A fundamental step of microarray image analysis is the detection of the grid structure for the accurate location of each spot, representing the state of a given gene in a particular experimental condition. This step is known as gridding and belongs to the class of deformable grid matching problems which are well known in literature. Most of the available microarray gridding approaches require human intervention; for example, to specify landmarks, some points in the spot grid, or even to precisely locate individual spots. Automating this part of the process can allow high throughput analysis. This paper focuses on the development of a fully automated procedure for the problem of automatic microarray gridding. It is grounded on the Bayesian paradigm and on image analysis techniques. The procedure has two main steps. The first step, based on the Radon transform, is aimed at generating a grid hypothesis; the second step accounts for local grid deformations. The accuracy and properties of the procedure are quantitatively assessed over a set of synthetic and real images; the results are compared with well-known methods available from the literature.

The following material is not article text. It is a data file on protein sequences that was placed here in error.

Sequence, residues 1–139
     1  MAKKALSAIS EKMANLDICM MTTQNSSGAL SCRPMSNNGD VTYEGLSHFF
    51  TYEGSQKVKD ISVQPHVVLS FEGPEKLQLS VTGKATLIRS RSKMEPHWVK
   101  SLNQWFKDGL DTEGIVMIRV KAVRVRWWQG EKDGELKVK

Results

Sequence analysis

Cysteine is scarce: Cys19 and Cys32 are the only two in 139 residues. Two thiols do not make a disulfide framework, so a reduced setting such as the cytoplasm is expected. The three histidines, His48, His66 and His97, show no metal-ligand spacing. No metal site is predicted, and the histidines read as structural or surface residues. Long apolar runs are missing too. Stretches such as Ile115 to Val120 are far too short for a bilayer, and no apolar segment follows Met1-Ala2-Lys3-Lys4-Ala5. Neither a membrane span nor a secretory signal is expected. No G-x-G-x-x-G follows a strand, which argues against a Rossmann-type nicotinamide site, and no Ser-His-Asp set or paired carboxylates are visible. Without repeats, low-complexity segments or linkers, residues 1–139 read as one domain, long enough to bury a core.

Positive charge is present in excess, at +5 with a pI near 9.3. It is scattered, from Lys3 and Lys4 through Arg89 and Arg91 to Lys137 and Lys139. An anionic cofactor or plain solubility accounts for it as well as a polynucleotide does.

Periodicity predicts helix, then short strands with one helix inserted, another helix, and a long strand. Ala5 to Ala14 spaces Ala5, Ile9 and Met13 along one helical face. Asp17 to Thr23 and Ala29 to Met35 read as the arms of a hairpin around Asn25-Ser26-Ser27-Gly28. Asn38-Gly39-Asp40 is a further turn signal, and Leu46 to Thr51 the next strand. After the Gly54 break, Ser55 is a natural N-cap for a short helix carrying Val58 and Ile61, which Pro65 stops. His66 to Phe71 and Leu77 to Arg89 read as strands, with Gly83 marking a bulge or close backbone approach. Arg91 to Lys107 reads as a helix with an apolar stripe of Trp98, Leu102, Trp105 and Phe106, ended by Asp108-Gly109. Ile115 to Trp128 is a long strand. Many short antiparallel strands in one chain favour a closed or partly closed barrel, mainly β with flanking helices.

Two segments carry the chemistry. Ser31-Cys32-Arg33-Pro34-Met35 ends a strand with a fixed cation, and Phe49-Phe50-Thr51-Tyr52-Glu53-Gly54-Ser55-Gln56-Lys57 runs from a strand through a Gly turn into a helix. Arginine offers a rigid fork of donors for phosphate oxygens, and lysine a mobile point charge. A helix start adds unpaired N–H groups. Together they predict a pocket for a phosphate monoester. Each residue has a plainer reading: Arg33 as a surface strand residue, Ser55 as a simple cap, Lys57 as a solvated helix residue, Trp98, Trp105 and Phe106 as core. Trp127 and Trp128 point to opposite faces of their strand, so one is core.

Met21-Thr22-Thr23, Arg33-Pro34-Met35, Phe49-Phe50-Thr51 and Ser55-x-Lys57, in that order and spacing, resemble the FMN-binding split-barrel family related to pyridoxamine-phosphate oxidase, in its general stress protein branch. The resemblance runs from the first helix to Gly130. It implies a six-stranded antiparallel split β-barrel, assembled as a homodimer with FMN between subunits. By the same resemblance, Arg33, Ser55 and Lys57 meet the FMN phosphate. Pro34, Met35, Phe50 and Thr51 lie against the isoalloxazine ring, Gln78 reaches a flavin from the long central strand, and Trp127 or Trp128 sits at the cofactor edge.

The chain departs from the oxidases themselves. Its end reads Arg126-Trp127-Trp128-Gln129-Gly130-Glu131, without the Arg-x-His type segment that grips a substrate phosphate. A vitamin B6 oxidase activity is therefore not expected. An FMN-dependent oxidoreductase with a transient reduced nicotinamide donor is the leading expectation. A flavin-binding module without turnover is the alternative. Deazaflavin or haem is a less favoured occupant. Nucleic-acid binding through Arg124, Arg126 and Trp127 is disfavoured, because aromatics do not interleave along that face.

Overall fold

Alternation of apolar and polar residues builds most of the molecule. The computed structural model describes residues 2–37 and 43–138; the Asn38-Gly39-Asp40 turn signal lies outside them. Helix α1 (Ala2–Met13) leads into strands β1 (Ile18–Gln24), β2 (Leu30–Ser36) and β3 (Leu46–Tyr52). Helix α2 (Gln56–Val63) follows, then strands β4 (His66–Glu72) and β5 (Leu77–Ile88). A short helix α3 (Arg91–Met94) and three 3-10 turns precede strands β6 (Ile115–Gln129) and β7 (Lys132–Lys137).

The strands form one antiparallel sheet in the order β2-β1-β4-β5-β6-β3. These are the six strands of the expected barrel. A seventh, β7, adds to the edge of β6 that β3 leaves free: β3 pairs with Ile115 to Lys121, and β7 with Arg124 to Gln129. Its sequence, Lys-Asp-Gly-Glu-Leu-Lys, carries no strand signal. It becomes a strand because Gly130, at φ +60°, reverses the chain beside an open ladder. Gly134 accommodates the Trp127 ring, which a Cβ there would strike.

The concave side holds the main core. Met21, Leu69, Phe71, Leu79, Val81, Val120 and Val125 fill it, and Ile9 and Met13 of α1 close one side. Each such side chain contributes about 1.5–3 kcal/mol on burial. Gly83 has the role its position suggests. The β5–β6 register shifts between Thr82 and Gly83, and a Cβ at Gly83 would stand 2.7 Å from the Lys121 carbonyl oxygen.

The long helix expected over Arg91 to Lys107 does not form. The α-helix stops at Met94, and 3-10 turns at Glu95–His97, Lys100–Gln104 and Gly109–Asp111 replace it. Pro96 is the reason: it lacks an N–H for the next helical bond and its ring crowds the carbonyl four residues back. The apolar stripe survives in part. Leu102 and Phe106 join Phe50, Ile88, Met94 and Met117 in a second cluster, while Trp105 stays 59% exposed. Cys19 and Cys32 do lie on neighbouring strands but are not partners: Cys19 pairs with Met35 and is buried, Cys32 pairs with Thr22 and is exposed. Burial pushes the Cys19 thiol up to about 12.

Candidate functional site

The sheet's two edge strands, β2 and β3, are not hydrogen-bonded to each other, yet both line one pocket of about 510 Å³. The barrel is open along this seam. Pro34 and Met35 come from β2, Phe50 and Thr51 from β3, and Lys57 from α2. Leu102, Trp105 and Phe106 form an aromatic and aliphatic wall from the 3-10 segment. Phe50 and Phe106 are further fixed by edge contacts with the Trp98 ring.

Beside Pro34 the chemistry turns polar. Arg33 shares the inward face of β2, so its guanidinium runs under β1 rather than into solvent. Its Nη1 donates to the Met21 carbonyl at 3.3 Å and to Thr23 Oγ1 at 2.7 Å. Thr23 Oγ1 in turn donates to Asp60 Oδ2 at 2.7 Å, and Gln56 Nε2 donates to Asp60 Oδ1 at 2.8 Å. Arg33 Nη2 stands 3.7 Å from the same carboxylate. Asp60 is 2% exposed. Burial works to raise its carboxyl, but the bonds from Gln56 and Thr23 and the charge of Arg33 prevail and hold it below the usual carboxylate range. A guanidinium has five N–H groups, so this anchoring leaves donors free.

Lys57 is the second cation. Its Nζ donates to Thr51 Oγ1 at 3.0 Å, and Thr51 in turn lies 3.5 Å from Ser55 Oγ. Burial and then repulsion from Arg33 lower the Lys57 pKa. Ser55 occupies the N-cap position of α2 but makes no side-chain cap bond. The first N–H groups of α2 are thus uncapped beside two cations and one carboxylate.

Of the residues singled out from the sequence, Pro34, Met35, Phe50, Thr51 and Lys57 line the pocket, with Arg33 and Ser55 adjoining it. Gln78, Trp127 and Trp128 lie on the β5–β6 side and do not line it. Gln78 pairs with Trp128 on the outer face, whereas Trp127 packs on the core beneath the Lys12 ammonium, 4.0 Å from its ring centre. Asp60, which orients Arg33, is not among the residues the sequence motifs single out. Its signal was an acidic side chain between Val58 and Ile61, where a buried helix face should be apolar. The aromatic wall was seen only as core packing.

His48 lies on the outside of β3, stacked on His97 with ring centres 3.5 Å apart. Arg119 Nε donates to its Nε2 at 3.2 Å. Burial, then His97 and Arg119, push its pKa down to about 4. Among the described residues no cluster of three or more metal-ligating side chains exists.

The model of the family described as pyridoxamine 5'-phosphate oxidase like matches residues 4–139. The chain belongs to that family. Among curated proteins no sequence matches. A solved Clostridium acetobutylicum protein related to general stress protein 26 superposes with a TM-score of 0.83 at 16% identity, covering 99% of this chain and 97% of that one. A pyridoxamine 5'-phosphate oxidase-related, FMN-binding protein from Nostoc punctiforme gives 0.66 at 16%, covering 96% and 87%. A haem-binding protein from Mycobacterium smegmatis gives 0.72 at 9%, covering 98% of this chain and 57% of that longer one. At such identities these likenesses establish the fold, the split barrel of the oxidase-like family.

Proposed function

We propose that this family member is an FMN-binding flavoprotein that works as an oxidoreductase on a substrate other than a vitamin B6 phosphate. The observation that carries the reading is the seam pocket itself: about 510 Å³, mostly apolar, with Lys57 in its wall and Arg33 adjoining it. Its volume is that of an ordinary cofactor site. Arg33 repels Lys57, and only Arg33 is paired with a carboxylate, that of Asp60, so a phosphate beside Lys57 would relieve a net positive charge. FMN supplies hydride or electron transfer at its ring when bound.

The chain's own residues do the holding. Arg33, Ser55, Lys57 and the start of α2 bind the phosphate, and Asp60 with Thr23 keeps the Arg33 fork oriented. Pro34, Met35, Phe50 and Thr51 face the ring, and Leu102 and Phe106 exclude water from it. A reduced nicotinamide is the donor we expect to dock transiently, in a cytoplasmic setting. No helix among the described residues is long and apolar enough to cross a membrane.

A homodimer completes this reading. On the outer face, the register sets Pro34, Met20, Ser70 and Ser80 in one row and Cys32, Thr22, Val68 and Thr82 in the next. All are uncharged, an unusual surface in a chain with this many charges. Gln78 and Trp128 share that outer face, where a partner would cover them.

- Bayesian image analysis
- Microarray gridding
- Radon transform
ASJC Scopus subject areas
- Computer Graphics and Computer-Aided Design